Joe Stech, in “Why outsource your auth system?”, wrote:

Authentication is one of those components that you deal with all the time. Auth is a necessary part of any software product, but how you implement auth is not necessarily always the same. Careful consideration is needed, because your decision to outsource will not only impact speed of development, but also long-term product maintenance – you don’t want to slow down time to market because you re-implemented an entire auth system unnecessarily, but you also don’t want to use an auth system that is going to cause problems down the road.

Switching your auth provider is similar to migrating from any other vendor in many ways. However, there are some specific considerations worth thinking about. Below are some vendor agnostic articles about these topics.

There are a number of different dimensions on which you could evaluate a system providing authentication, authorization and user management:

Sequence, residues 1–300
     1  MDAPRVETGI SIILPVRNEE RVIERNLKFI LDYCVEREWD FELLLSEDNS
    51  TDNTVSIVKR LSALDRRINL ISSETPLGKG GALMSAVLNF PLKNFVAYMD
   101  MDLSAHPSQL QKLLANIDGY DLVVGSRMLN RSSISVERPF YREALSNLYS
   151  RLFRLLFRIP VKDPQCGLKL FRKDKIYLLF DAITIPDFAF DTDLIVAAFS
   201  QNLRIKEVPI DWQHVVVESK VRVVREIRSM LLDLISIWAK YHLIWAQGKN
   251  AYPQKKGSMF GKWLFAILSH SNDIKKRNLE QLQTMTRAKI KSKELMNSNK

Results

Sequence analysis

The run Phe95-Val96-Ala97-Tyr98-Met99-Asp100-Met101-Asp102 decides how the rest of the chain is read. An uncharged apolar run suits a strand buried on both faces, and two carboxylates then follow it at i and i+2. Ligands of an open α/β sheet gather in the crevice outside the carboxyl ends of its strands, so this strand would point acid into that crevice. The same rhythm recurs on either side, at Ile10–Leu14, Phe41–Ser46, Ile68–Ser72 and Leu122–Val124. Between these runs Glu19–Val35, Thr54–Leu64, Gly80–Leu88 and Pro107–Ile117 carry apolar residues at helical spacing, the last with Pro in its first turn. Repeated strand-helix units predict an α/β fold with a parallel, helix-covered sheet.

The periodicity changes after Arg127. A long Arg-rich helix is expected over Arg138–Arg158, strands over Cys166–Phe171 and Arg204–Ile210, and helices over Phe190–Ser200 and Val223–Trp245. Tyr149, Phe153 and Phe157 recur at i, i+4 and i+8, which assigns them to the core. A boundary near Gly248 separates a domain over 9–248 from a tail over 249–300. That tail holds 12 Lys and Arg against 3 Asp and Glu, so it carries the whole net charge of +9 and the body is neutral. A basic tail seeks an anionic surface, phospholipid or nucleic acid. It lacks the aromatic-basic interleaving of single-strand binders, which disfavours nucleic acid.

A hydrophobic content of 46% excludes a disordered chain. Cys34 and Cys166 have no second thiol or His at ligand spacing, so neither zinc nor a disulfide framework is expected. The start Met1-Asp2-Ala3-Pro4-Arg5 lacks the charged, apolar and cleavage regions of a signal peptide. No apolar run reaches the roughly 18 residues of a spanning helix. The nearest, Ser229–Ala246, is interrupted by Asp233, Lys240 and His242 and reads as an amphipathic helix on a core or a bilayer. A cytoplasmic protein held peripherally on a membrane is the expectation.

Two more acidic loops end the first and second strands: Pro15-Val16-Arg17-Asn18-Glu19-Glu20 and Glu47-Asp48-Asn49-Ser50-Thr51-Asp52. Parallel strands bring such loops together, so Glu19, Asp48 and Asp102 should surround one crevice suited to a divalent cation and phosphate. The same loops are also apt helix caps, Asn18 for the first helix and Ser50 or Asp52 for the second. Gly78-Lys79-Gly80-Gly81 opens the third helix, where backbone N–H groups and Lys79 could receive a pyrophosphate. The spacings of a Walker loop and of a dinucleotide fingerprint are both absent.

• Self hosted or SaaS
  • Standalone application or library/framework
  • Open source or not
  • Standards support
  • Core functionality: authentication, authorization, user management or all three?
  • Single sign-on (SSO) support
  • Integrations with other auth technology such as LDAP
  • Which OAuth grants are supported
  • Cost, both initial outlay and forecasted future spend
  • Operational complexity
  • Support for your deployment environment
  • Specific features and customizability
  • Documentation and developer experience

I don’t know your use cases, so I can’t give you specific advice, but here’s a list of auth system providers to kickstart your evaluation.

At this point in an evaluation, I’m a big fan of feature matrices, where you determine your requirements and “nice to haves” based on usage and knowledge. Refine them with your team and research. You’re looking to complete a broad survey of available solutions, not dive deep into a few. Don’t forget to include your current solution, Auth0, in your matrix. Performing such a survey has a few possible outcomes:

  • Auth0 meets your needs adequately, so you will hang tight. Maybe the acquisition will be smooth. Off to the next meeting!
  • You decide to revisit the issue the next time your Auth0 contract is up for renewal. Make a note in your calendar to allow a few months to evaluate and possibly migrate.
  • You determine that there are a few alternatives worth a closer look. Time to prototype.

Why you should prototype before deciding